• Tom Tutay Phonoamp At this point, R's Tom Tutay phonoamp was swapped in in lieu of the SP-11's own phono section. A word on Tom Tutay: he apparently is a well regarded DIY person who runs Transition Audio Design (no website). The one R has is actually an early all-tube full function preamp, though R is only using the phono section, which looks very much like the later Tutay phonoamp named Vibrance, which employs both octal and noval tubes. We have heard it in conjunction with the Linn many times before. The sound was definitely a little darker, smoother and warmer than ARC's own phono section. As with designs employing the larger octal tubes, images were larger and fleshier. though a trifle homogenized (as Andy put it). I thought it had sounded better with the Jadis JPS in R's regular rig during the last visit. This synergy thing is unpredictable and has upset many an audio boat! One more thing on this phono design. The octal tubes are prone to microphonics and noise. R's unit works with the Cardas cable, which rolls of the top, but with my considerably more neutral Gotham GAC-2, R reported hearing high frequency noise, likely tube noise, but that shall be investigated.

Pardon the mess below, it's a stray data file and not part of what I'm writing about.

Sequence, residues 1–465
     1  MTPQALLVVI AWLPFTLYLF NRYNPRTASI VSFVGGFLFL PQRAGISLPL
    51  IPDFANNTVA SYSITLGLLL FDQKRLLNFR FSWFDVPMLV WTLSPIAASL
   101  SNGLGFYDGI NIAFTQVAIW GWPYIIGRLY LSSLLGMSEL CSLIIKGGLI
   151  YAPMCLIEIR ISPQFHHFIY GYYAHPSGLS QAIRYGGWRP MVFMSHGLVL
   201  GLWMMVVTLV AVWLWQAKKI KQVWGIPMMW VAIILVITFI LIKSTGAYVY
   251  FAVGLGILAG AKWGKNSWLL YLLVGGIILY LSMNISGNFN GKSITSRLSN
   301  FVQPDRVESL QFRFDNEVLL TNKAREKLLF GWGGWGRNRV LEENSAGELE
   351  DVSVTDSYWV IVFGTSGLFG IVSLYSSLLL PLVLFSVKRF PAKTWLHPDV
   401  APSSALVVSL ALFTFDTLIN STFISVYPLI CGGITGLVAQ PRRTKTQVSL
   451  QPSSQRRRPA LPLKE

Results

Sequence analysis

• Conrad Johnson Premier 3 R had used its phono section in his previous room before he dismantled it; in contrast, Andy has long been using the similar Premier 2 (tube rectified) as a linestage (preferring the Citation I's phono section). As a full preamp, it put in a performance that was the most puzzling and inconsistent of the lot. It was the warmest and most full-bodied of the lot and was easy to listen to, but in comparison with the others it seemed sluggish and lacking in sparkle and resolution. I wondered if it was out-of-phase but was told that this is one of the rare CJ preamps that is not phase-inverting. From my experience, old CJ is too much of a good thing - big caps likely slow down the sound and make it more earthbound. Used as a full preamp, the problem compounds itself; no wonder both of my friends use only a half of it. The CJ, especially the phono section, is definitely not neutral. This experience also reinforces my view that these slower and darker components work with horns better than with conventional speakers (even the modernist Citation I usually works better with horns than regular stuff; that it works so well with this system and Wilson surprised me a little.)